4 Torque drivers are crucial to properly complete the restorative treatment. The abutment screws are designed to be tightened to an optimal torque of up to 35 Ncm, and hand-tightening a screw can only achieve approximately 10 Ncm of torque. Therefore, if the doctor does not wish to purchase a torque driver initially, then once the abutment is seated, the surgeon must torque the abutment screw.

For the doctor who has enough time or prefers to control procedures:

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Figure 1: Axis Dental Corp. (NTI) UC129GTI bur.
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Once the impression has been taken, the lab analog will be attached to the impression coping. If the occlusal platform of the implant is placed subgingivally, then it is wise to place a soft-tissue mimicking material around the analog and impression coping. This material is important when developing emergence profiles of the crown. Once the mimic material is set, then the stone is poured into the impression.

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Figure 2 - White rubber wheel for polishing.
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Stock titanium abutments can be purchased that are either straight or angled, with collars that might extend to 5 mm in height. Modification of the abutment is necessary to fit the patient’s edentulous site. Brasseler and Axis manufacture a variety of titanium-cutting burs. A Brasseler H351 FSQ bur or an Axis UC129GTI bur will shape the titanium without the spectacular sparking seen with diamond burs. The doctor will develop axial inclination, occlusal clearance, and subgingival margin placement. The abutment is polished beautifully to a smooth finish with a white rubber wheel.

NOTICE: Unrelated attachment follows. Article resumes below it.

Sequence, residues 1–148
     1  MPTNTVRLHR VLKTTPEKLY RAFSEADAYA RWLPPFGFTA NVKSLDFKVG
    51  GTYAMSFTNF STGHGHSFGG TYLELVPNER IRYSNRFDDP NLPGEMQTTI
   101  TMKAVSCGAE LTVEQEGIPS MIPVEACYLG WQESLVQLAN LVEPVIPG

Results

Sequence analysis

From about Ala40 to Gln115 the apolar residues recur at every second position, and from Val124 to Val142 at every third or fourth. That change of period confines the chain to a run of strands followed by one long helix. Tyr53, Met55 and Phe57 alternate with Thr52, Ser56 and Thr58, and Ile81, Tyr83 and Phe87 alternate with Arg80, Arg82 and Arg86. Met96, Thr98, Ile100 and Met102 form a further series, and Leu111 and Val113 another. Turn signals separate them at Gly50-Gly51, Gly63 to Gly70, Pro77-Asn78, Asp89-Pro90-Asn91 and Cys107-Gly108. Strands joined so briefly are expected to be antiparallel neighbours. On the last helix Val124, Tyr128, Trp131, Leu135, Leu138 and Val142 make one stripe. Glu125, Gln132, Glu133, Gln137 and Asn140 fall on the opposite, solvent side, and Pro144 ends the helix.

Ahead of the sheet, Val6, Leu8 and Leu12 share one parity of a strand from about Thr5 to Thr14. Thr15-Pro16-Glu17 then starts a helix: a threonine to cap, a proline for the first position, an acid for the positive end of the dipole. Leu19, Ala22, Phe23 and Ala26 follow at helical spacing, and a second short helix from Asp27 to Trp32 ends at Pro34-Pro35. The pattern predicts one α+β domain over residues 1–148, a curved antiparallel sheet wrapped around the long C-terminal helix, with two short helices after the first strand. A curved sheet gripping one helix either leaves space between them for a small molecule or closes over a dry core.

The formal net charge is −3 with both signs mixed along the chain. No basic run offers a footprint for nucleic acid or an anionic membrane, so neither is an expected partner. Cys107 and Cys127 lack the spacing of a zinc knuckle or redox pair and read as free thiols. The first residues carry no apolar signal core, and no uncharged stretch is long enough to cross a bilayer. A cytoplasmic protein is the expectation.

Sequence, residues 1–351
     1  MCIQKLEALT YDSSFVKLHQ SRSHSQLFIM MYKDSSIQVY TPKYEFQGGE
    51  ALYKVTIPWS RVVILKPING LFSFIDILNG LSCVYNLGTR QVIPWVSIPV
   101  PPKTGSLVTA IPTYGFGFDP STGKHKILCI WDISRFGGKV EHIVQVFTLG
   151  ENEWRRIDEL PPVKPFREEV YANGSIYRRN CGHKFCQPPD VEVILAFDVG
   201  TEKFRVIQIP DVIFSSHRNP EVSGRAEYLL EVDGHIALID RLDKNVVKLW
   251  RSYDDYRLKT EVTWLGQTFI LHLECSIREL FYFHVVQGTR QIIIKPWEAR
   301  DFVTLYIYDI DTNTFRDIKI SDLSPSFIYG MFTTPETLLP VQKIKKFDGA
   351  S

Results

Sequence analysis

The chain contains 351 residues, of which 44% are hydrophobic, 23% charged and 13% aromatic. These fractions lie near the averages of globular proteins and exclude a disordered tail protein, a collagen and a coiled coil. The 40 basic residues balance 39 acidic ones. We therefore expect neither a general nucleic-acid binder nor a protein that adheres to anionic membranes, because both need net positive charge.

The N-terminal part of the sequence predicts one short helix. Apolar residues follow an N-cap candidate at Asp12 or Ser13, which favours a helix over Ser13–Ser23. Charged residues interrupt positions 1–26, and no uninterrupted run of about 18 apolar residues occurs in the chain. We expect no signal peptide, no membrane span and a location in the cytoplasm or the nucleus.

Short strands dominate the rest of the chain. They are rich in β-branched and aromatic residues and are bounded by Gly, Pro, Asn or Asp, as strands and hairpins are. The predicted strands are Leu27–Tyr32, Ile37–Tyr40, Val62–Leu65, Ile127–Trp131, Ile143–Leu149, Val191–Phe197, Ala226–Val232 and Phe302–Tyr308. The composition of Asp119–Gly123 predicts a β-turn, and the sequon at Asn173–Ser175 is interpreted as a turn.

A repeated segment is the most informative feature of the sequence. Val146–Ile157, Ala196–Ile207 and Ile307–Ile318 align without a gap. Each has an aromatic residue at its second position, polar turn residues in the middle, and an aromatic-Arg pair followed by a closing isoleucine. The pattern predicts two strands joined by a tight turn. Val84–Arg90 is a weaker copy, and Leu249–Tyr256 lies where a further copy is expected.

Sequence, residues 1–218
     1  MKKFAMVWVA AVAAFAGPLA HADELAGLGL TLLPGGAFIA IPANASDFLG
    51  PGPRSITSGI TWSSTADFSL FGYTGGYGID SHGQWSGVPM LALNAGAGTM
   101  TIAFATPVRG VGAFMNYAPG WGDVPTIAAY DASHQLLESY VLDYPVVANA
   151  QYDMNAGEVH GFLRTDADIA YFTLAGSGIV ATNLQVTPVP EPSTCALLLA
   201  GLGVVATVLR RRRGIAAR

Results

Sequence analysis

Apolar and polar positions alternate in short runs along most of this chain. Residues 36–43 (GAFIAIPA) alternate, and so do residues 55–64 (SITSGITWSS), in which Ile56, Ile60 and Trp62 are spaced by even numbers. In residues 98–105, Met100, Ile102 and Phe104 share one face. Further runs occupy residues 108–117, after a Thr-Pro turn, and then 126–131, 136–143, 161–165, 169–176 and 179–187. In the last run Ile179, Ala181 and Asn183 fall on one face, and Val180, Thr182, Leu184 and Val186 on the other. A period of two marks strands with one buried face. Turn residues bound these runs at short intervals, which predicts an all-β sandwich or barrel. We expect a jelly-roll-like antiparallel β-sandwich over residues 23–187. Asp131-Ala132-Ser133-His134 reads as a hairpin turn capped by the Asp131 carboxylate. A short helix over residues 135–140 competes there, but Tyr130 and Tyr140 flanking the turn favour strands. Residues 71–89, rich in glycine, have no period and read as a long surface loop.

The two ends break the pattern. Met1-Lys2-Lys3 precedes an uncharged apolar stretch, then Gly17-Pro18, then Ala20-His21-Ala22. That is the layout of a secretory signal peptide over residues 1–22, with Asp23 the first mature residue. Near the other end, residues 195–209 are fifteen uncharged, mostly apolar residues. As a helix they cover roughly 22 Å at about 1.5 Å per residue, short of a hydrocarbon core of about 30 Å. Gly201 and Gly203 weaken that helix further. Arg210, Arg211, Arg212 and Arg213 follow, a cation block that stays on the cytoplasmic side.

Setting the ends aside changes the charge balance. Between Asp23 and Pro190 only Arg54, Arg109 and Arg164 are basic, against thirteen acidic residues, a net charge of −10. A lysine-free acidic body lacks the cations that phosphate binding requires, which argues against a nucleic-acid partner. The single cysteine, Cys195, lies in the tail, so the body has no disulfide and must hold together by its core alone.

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Figure 3 - Optimal gingival placement.
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The optimal gingival placement of the margin is 1 mm buccally and .75 mm interproximally. Naturally, this may vary depending upon the thickness and translucency of the gingival as well as the position of the patient’s lip. Ceramic abutments are available for use wherever esthetics demand them.

For the doctor who prefers fabrication of abutment by laboratory specialist or by using CAD-CAM technology:

The laboratory specialist can fabricate abutments either by modification of a titanium abutment or by casting a custom abutment such as a UCLA abutment. The doctor needs only to provide an impression of the implant to the laboratory. The crowns are fabricated on the abutment and the doctor commits a minimum amount of chair time to the patient.

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Figures 4 and 5 - Customized abutments with optimal parallelism and margin placement created by Zimmer Dental CAD-CAM procedure.